In 1975, when French writer Marguerite Duras attended a university screening of "India Song," one of 19 daunting experimental films she directed, a student, Yann Andréa Lemée, sat through it to ask for her autograph and permission to write to her. For the next five years he wrote Duras daily, sometimes as many as five times.
In 1980 Duras invited him to visit her at her apartment in the coastal resort of Trouville, France. The two clicked instantly but soon tempestuously; nevertheless, Lemée would become the writer's last great love and remain with her to the end, when she died March 3, 1996, at age 81.
Jeanne Moreau, yet another great role. At 75, and after 55 years on screen, Moreau's ravaged beauty and husky voice make her just the right age to play Duras. She also possesses just the right impassioned temperament.
Moreau brings an inescapable star charisma to Duras, which makes her romance with the young Yann Andréa (Aymeric Demarigny) persuasive. There's more to the casting, though: She and Duras would appear to have so much in common that the film seems to reveal as much about Moreau as Duras. Moreau starred in two films based on Duras novels: the memorable "Moderato Cantabile" (1960), directed by Peter Brook, and the dreadful "The Sailor From Gibraltar" (1967), directed by Tony Richardson.
Like the Duras she portrays with an easy authority and an effortless command of nuance, Moreau is a strong, courageous, daring yet vulnerable woman, blessed with a lively sense of humor and endless curiosity and concern for the world in which she lives. Moreau doesn't suffer fools gladly and knows well her own worth, but it's hard to imagine her being so insecure as to indulge in the cruel streak her Duras possesses.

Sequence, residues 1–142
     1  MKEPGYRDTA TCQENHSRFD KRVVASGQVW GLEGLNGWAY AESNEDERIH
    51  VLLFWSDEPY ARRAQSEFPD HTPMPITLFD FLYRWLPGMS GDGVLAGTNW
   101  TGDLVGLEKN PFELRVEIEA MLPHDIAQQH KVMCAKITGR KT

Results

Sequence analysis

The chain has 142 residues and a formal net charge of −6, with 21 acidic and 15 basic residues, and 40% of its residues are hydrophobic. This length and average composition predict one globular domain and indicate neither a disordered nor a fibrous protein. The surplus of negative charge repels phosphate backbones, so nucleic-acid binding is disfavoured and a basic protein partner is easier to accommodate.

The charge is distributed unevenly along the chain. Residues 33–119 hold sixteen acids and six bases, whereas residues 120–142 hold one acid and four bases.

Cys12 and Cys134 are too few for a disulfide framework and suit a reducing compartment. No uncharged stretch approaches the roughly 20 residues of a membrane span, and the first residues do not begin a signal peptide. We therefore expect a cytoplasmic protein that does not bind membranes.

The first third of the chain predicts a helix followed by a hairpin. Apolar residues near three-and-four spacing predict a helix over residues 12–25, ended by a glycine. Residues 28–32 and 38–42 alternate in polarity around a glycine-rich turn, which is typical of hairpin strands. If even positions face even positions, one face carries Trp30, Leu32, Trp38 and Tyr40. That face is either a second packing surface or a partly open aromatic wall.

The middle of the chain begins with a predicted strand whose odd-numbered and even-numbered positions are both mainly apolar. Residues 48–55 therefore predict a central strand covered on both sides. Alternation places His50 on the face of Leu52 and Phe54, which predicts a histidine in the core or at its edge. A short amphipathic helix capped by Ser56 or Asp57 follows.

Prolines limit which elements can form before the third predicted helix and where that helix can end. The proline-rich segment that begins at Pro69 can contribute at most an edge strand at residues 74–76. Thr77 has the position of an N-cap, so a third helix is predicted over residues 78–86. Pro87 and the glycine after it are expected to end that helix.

Yet Moreau makes Duras understandable, her demeaning jests at Yann Andréa a reflection of her fears about being with a much younger man. As an artist herself she fully illuminates Duras' struggle to sustain a career and to meet the demanding standards she sets for herself.
Once Duras accepts the pleasant-looking Yann Andréa as a stenographer and then seduces him, she takes a step back, wondering what she has gotten into. She speculates on his motives; she worries about becoming dependent and then losing him. These are the natural concerns of an intelligent and complex older woman, who also has a high opinion of her own talent but often feels a failure.
Yann Andréa proves, however, to be the right man at the right time. Duras had become reclusive, was finding it difficult to write — and seemed in real danger of drowning in drink. Yann Andréa had to show he could stand up to the insults she hurled as a form of self-protection, that he loved her as much as her writing and that he was no wimp, capable of defending himself. He proved an inspiration for Duras, whose subsequent work included her novelized "Yann Andréa Steiner, a Memoir" and "The Lover," highly popular as a 1984 novel and a 1992 film, and he stuck by her through a difficult drying out at a sanitarium.
In his unprepossessing yet resilient way, Demarigny's Yann Andréa becomes an ideal match for Moreau's mercurial Duras, and under Dayan's confident, unobtrusive direction, the actors play off each other to perfection.
"Cet Amour-là" is a crisp, elegantly resonant film, but the highly critical and combative Duras might well have disapproved. Duras said in a 1990 interview that "I write about love, but not about tenderness. I don't like tender people. I am myself very harsh. When I love someone, I desire them. But tenderness supposes the exclusion of desire." That Dayan sees no such mutual exclusivity is precisely what makes "Cet Amour-là," which translates as "That Love (There)," so alive and affecting.
MPAA rating: Unrated
Times guidelines: Adult themes
Jeanne Moreau ... Marguerite Duras
Aymeric Demarigny ... Yann Andréa
Tanya Lopert Moreau ... The ambassador's wife
A New Yorker Films release. Writer-director Josée Dayan. Dialogue in collaboration with Yann Andréa Lemée, Maren Sell, Gilles Taurand. Producer Alain Sarde. Cinematographer Caroline Champetier. Editor Anne Boissel. Music Angelo Badalamenti. Costumes Mimi Lempika. Art director Sylvie Fennec. In French, with English subtitles. Running time: 1 hour, 38 minutes.
Exclusively at the Music Hall, 9036 Wilshire Blvd., Beverly Hills, (310) 474-6869.
The actress brings her inescapable charisma to the role of writer Marguerite Duras.
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